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OpenBiome is similar in some ways to a blood bank, which also collects, screens, and distributes biological material. Early on, though, it became clear that the group faced different challenges in recruiting donors and testing samples. For one thing, few applicants qualified: Anyone who had had a gastrointestinal disease, recently used antibiotics, or traveled to any country with a risk of waterborne illness was rejected, even before their stool was analyzed for pathogens. It was sometimes awkward turning away MIT colleagues who wanted to contribute stool, Smith said, but “it helped to say, ‘Hey, I’m not eligible either.’”(Smith’s brother lives in Singapore and he visits there each year.) OpenBiome tests stool for an extensive list of pathogens, including HIV, hepatitis, and syphilis, which can be transmitted through bodily fluid. But they also screen for disorders, from obesity to metabolic syndrome to autoimmune diseases, that are not traditionally viewed as contagious but have been at least correlated with disturbances in gut bacteria. At a blood bank, no one worries that transfusions might make patients obese.
Rather than casting its net wide for donors, OpenBiome cultivates a small group of stalwart contributors. That way, the cost of testing, which can be roughly $1500 per donor, is spread over many patients and treatments. Contributors in this model make a major commitment. They are required to bring in samples within an hour of passage, since the bacterial composition of stool changes rapidly with exposure to air. “We have one guy who brings his samples in on [Boston’s T train],” Smith said. But for the most part, donors are students who live or work close by. When the project moved from Alm’s lab at MIT, this spring, to a new location near Tufts University, OpenBiome sought out a new cohort of dedicated graduate students. Their constancy also means the group can reassure doctors that the individual whose stool they are receiving has already cured numerous cases of recurrent C. diff—and has not caused new infections in any recipients.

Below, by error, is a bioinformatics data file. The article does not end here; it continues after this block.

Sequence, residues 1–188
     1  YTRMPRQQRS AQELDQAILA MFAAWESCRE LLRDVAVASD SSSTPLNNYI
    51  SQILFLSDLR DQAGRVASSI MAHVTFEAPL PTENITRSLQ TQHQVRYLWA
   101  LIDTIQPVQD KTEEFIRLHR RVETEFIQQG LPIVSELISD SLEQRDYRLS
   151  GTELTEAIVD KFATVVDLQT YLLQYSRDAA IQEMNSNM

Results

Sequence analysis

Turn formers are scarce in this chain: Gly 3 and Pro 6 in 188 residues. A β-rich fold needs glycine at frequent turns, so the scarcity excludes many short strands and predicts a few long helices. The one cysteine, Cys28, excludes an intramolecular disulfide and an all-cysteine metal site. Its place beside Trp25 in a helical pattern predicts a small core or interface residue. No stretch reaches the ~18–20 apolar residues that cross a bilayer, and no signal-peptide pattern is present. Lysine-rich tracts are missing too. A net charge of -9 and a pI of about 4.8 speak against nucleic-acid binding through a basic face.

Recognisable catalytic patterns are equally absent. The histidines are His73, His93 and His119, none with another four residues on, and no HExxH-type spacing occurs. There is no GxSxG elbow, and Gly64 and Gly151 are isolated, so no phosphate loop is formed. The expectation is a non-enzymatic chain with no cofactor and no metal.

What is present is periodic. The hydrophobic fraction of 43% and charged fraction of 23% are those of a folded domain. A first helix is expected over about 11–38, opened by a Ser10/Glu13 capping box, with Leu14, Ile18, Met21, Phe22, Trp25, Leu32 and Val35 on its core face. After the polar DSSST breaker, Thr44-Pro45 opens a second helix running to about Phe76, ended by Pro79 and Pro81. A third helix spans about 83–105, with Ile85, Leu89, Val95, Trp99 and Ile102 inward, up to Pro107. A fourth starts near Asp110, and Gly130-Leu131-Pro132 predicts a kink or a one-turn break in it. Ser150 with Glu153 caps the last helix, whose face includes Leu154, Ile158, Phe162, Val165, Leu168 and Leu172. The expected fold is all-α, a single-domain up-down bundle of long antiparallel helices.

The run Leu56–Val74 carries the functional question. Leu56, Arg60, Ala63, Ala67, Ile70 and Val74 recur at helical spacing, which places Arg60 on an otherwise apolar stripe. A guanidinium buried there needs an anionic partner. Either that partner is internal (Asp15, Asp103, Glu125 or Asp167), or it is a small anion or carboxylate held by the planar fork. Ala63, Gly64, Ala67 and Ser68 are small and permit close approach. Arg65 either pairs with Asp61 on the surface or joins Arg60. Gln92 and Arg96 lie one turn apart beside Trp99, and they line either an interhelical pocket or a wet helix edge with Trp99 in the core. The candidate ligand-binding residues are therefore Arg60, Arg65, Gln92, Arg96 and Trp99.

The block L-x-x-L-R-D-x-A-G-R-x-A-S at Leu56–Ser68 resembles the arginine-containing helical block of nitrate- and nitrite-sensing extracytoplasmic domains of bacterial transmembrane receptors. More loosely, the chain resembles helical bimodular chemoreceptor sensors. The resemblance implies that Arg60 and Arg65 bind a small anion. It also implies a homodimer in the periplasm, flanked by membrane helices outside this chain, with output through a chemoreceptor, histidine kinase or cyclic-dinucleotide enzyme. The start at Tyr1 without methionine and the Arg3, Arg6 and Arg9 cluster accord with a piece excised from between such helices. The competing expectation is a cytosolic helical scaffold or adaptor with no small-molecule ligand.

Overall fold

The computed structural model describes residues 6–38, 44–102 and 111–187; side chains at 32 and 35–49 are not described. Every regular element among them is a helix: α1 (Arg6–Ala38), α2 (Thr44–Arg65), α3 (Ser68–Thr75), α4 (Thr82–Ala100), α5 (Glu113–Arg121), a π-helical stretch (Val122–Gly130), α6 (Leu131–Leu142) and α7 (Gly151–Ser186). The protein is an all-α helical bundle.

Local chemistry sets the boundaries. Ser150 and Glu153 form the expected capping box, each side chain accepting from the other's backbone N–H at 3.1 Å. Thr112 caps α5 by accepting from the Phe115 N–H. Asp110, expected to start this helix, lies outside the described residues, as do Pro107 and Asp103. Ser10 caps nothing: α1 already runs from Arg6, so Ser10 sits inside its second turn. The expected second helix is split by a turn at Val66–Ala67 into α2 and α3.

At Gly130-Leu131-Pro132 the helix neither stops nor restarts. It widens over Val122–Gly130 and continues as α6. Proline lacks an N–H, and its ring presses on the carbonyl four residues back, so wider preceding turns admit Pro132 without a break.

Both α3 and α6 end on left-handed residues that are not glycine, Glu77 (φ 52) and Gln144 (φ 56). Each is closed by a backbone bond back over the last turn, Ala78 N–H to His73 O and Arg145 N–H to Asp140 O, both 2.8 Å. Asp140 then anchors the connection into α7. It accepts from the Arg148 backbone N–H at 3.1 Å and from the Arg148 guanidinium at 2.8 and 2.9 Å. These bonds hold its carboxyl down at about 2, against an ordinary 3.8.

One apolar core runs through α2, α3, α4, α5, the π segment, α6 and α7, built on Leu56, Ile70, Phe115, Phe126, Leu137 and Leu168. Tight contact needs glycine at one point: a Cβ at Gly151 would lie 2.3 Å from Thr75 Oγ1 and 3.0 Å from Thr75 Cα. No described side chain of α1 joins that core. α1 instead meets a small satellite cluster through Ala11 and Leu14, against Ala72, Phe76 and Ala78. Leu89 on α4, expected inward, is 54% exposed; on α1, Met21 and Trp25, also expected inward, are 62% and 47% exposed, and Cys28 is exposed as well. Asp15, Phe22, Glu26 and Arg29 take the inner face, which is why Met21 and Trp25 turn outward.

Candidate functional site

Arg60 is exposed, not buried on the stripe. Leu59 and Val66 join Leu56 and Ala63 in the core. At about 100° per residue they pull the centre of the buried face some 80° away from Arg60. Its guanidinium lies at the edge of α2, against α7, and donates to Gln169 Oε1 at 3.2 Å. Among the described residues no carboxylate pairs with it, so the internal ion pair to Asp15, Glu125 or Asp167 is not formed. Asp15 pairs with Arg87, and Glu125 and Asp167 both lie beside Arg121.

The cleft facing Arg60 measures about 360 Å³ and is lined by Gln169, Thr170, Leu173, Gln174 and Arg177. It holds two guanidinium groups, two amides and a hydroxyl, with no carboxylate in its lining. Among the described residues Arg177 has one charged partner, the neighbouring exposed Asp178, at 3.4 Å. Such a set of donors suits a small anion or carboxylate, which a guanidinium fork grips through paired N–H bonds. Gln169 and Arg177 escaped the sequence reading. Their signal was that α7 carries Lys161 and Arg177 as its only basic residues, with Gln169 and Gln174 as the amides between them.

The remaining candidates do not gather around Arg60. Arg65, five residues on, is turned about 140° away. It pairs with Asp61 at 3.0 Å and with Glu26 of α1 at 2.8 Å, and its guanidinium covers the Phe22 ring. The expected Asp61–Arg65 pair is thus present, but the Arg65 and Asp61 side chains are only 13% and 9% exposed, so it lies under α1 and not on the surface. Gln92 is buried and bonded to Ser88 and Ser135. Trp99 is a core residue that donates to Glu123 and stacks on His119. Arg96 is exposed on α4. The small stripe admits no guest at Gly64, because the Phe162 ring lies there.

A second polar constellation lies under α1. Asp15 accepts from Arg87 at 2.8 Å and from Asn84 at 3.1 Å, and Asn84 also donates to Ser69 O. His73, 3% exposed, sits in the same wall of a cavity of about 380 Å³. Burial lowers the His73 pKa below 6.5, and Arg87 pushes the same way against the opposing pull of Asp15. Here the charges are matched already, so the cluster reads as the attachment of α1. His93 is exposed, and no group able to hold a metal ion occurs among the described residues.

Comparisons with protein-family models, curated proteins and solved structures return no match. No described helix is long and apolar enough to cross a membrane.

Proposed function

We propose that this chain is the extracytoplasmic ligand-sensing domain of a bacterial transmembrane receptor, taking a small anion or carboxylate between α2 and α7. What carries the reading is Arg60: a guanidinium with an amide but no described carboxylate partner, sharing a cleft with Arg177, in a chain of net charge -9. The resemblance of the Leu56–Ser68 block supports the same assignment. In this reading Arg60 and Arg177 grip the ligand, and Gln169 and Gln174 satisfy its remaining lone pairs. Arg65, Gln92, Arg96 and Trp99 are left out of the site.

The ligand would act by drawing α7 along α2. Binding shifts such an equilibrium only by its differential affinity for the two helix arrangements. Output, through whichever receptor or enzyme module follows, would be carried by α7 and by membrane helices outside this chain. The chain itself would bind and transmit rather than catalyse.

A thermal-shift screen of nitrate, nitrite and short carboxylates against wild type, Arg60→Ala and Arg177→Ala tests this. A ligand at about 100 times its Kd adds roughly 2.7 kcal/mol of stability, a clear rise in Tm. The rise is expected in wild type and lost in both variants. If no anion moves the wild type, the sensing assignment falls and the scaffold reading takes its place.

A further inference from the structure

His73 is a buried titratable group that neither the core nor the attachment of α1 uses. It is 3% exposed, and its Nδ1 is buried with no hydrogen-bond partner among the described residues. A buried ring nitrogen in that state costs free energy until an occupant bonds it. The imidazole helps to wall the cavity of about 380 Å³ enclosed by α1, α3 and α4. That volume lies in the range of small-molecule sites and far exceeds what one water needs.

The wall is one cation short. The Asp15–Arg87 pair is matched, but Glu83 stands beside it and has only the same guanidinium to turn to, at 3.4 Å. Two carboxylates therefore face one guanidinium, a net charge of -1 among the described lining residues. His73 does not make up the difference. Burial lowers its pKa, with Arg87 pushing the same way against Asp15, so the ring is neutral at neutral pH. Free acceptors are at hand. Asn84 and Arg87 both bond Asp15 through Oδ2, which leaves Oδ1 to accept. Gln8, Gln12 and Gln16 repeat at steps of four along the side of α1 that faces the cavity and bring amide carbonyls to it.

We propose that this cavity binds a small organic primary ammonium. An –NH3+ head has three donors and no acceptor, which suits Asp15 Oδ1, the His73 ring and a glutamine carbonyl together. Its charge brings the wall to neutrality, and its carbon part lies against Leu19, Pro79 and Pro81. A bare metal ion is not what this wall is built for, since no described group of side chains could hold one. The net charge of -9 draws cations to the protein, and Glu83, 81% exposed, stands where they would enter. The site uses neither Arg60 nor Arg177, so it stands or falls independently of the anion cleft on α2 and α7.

“Their standards are incredibly high, and the testing they do is much better than what’s done in individual doctors’ offices,” said Edmond, who recently joined OpenBiome’s clinical advisory board. OpenBiome quarantines donors’ samples and retests them for pathogens after 60 days, since new infections, like HIV, can take time to show up on immunological tests. In addition, OpenBiome archives a portion of every sample, in case questions emerge down the road. “If I have a patient 10 years from now” with a virus that’s unknown today, “I can go back and see if it can be traced” to a stool transplant, Edmond said. “We couldn’t possibly have done that before.”
To date, OpenBiome has provided more than 930 samples to doctors and hospitals around the world. “There is nothing else like them in the country or anywhere else, as far as I know,” Rob Knight, a microbiome expert at the University of Colorado, Boulder told me. Not only are they making the procedure more accessible, they also have the potential to collect large-scale data on outcomes. And they can support research by providing standardized, well-characterized samples to scientists.
“That is an absolutely critical piece of the puzzle,” Knight said, since, for all the enthusiasm, researchers have yet to understand how, exactly, the treatment works. Like Jamil, most patients have undergone antibiotic therapy recently for another condition. Those antibiotics “start killing off good bacteria, then C. diff takes over and produces a toxin that causes the diarrhea,” Edmond said. Fecal transplantation reestablishes a healthier community of bugs that seems to drive out the C. diff or hold it in check. The approach is both holistic and rudimentary.